New Hair Era | Same Old Racism
When I first cut out my perm in the 1990s I had no reason to believe that I was going to live long enough to see a natural Black hair movement. Nobody, and I mean nobody at my predominantly White Penn State University campus was wearing natural hairstyles then and I remember feeling very alone.
A lot of my friends and advisors would ask me how I planned on keeping my hair “neat”? How could I interview if my hair was not “groomed”? How could I get a job if I couldn’t do basic things like “neatly” hide my kinkiness? I had to remind them — and myself — that:
Natural hair in the workplace is not about “neatness.” Though I’m aware that many who protest against naps moving up the corporate ladder do so out of professed “concerns” for whether or not one’s hair can be simultaneously nappy and “neat.”
When we use the word “neat” in this context – let us recognize what it really means. The word “neat” is about conforming to a standard that says Blackness – whether it is Black hair, skin color, nose/lip/body size is not acceptable “as it is.” This standard says that “Whiteness is the norm” to which “Blackness must adjust.” When Black women are told nappy hair has to be “neat” we know that this is a code word for “straight” or “White.” Straight, blonde, White girl hair is the baseline against which other hair styles are measured – even when respected Black professionals whose hair could never do or be any of those things – are the ones being measured.
But that was then. Over the past few years the natural hair movement has grown from a faint hope to a hopeful possibility and is now full-fledged thing. Now that the start of spring is here (also known as the start of Afro season), my inbox is filling with event notices and invitations to speak at a variety of natural hair expos events and workshops. As in previous years, there are an abundance of workshops on perfecting the twist out, proper hydration techniques, and debates about discrimination among the various hair types.
Unfortunately, what I don’t see a lot of are discussions about some of the more serious issues that are impacting the Black natural hair community. I don’t see a lot of panels or discussions or workshops about protecting the rights of Black women to wear natural hairstyles at work without being fired or disciplined for not straightening their hair. I don’t see programs or workshops that teach us how to protect Black girls and boys from being kicked out of school for daring to wear the hair that grows out of their heads.
I don’t see panels that teach us how to use the law to protect ourselves or instruct us how to file complaints with the Equal Employment Opportunity Commission or other civil rights watch dogs for being wrongfully discriminated against not just for being Black – but for being Black while daring to wear ethnically Black hairstyles. There are plenty of panels about what cultural appropriation looks like (and which non Black celebrity is currently appropriating Black culture), but there’s very little discussion about how we can reclaim and capitalize off of our own cultural elements and icons. I don’t see workshops on how we as Black women who contribute billions of dollars globally to the Black beauty industry can become owners and power players within that industry and transform it to meet our specific cultural needs.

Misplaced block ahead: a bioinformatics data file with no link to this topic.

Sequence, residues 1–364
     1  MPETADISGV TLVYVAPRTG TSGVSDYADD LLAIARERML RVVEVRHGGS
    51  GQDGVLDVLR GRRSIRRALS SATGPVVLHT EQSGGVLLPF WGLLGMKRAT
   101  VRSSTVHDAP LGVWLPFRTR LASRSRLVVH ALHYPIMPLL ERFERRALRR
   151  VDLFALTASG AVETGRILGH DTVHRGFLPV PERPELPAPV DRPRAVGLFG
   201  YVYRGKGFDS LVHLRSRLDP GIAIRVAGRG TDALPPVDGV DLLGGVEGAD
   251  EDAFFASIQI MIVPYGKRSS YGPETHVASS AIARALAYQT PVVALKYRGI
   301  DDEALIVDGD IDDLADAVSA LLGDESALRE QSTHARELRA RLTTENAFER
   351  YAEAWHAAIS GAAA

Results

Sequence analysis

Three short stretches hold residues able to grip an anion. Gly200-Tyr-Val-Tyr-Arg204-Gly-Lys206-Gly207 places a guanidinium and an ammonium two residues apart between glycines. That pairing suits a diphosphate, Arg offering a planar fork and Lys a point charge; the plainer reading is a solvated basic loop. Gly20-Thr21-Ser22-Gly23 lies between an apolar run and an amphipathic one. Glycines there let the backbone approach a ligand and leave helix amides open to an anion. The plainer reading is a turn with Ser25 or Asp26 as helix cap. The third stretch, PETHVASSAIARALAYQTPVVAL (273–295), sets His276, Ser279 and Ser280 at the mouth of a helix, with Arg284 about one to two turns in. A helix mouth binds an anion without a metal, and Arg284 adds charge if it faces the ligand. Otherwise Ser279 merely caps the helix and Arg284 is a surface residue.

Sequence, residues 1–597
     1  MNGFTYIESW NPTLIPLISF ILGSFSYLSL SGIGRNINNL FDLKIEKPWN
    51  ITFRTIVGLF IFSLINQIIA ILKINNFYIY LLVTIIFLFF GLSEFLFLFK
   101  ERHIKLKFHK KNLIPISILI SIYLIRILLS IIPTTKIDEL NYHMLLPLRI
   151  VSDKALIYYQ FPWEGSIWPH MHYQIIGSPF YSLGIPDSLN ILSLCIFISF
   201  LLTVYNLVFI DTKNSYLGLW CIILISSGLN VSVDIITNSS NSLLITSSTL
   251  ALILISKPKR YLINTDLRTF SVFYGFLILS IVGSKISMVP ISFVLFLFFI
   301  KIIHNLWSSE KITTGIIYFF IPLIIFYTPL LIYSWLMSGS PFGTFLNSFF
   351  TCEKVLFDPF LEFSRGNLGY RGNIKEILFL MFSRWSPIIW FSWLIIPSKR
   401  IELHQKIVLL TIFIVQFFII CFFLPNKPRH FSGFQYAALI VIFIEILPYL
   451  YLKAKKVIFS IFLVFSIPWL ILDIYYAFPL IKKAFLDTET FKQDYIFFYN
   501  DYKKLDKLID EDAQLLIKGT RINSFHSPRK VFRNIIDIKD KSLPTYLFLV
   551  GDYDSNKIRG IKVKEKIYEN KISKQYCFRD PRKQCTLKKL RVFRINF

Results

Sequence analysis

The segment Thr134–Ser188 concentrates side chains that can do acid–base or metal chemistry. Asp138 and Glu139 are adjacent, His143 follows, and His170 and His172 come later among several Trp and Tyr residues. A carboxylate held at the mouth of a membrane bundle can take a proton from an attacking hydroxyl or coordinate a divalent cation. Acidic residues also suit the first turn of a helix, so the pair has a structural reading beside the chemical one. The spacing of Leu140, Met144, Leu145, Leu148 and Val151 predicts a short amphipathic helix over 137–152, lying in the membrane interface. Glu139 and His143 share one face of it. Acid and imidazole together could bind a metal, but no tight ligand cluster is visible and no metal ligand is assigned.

This is highly problematic. And we need to look no further than our own history to see why.
Black Hair History Matters
From the earliest days of Black subjugation and enslavement, the law was used to confine, limit and devalue the beauty of Blackness. The racist framing of which racial groups have the capacity for beauty was one of the most powerful tools of the slave society. This means that access to status, resources and power was typically tied to how closely one could imitate the beauty standards of the slave-owning caste. One’s success largely depended upon how comfortable one could make White people and that comfort was largely based on Black people imitating White beauty standards in order to blend in. For Black women and men today, the relationship between looks, status and opportunity remain intertwined and defined by race. Nowhere do we see this most powerfully than in the realm of Black hair.
During slavery, laws and customs regulated how Black women could wear or adorn their hair. Today, while it is illegal to discriminate against someone’s race per se, there are written and unwritten rules about “grooming” and “dress codes” that serve as back doors to racist discrimination against a beauty standard that centers on Blackness. These rules allow schools, corporations and even the United States military to employ concepts of beauty that are shaped by racist ideology to regulate how Black girls and women can wear their hair to class, work and even on the battlefield. It seems like each week natural hair social media sites are reporting new incidences of Black children being disciplined for wearing their hair in ethnically appropriate hairstyles. As many students prepare to graduate in May, many Black women are also worried about how their hair texture (and skin complexion) may impact their employment options.